Eurozone Ministers Approve Greek Bailout Deal

Posted February 21st, 2012 at 1:30 am (UTC-5)
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Eurozone finance ministers have approved a fresh $171-billion (130 billion euros) bailout for Greece, after more than 13 hours of tense negotiations in Brussels.

The bailout will reduce Greece’s government debt from around 160 percent of the country’s gross domestic product to just over 120 percent by 2020 — the maximum level considered sustainable by the International Monetary Fund.

The deal was reached early Tuesday after private holders of Greek debt agreed to take on a bigger-than-expected 53.5-percent face value loss on their bonds. They had previously offered a 50-percent writedown. Around $130 billion (100 billion euros) will now be written off as part of the debt exchange.

The euro made substantial gains Tuesday on news of the deal, which should help Greece avoid a catastrophic debt default when its government bonds come due next month.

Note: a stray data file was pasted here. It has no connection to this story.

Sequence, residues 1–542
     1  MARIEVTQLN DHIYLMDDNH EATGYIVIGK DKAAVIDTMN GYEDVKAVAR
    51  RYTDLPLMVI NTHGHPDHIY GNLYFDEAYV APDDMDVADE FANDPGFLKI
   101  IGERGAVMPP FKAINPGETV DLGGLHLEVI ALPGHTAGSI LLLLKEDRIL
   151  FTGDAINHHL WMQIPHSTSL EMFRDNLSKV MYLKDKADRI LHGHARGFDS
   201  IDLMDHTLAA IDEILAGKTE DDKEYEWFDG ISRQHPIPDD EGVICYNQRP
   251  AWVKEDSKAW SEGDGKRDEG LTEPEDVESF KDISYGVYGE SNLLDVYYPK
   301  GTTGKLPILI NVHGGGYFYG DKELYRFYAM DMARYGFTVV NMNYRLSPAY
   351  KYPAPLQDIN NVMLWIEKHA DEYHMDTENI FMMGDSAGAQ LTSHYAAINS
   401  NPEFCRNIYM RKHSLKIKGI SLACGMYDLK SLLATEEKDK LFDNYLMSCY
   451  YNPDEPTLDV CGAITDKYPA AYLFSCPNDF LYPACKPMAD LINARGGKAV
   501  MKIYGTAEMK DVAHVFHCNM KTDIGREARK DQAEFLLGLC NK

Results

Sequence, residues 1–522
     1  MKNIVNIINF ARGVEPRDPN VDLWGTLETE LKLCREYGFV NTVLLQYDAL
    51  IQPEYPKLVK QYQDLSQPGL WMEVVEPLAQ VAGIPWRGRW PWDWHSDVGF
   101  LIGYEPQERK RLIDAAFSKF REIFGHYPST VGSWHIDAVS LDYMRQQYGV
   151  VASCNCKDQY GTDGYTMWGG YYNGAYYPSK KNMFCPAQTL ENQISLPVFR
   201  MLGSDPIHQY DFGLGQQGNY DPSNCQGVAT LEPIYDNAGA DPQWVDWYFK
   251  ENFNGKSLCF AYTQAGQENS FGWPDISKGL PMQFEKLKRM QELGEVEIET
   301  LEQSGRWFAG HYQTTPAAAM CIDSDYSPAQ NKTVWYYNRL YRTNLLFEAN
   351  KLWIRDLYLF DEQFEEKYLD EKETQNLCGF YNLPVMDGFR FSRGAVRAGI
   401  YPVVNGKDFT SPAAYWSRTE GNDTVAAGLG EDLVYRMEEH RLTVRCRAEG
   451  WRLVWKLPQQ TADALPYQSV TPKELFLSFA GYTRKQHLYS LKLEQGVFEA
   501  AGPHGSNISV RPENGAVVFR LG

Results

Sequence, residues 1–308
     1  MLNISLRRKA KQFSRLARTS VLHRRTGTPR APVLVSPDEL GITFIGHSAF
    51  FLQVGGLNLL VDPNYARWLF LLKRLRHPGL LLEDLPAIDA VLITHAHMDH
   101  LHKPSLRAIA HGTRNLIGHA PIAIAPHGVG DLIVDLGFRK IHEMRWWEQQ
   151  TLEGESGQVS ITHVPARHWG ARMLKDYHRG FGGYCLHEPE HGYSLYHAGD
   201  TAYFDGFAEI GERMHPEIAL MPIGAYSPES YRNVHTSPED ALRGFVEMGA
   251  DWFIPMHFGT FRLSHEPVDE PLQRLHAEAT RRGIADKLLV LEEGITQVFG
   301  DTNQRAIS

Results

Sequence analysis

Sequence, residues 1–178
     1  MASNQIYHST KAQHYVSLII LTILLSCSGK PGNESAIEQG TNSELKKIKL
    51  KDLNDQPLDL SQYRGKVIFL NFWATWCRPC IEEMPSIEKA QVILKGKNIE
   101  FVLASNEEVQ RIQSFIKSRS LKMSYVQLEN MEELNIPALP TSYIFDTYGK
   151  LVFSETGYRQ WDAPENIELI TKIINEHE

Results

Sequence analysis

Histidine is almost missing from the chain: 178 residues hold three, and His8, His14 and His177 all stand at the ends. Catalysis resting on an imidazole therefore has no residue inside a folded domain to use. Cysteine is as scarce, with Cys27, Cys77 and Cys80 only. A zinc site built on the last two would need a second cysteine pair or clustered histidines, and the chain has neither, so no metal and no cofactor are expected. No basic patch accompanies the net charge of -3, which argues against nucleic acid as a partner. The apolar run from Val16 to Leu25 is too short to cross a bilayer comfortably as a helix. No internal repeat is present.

Eurozone chief Jean-Claude Juncker says the bailout will preserve the financial stability of both Greece and the eurozone. But he warned Athens must meet a series of conditions to secure the full amount of the emergency loan, which is Greece’s second in as many years.

“The eurogroup is fully aware of the significant efforts already made by the Greek citizens, but also underlines that further major and joint efforts by all parts of the Greek society are needed to return the economy to a sustainable growth path.”

The Greek government has already approved deeply unpopular austerity measures that include a 22-percent cut in the country’s minimum wage and the elimination of 15,000 government jobs.

But donor countries who are skeptical of Greece’s ability to enact further austerity measures to pay back their debts insisted that the new bailout deal contain a special account that sets aside some of the bailout funds specifically to cover interest payments on Greece’s massive debt.

Analysts have warned that if Greece had defaulted next month, it could have had catastrophic consequences for the eurozone, and possibly have led to a sharp downturn in the world economy.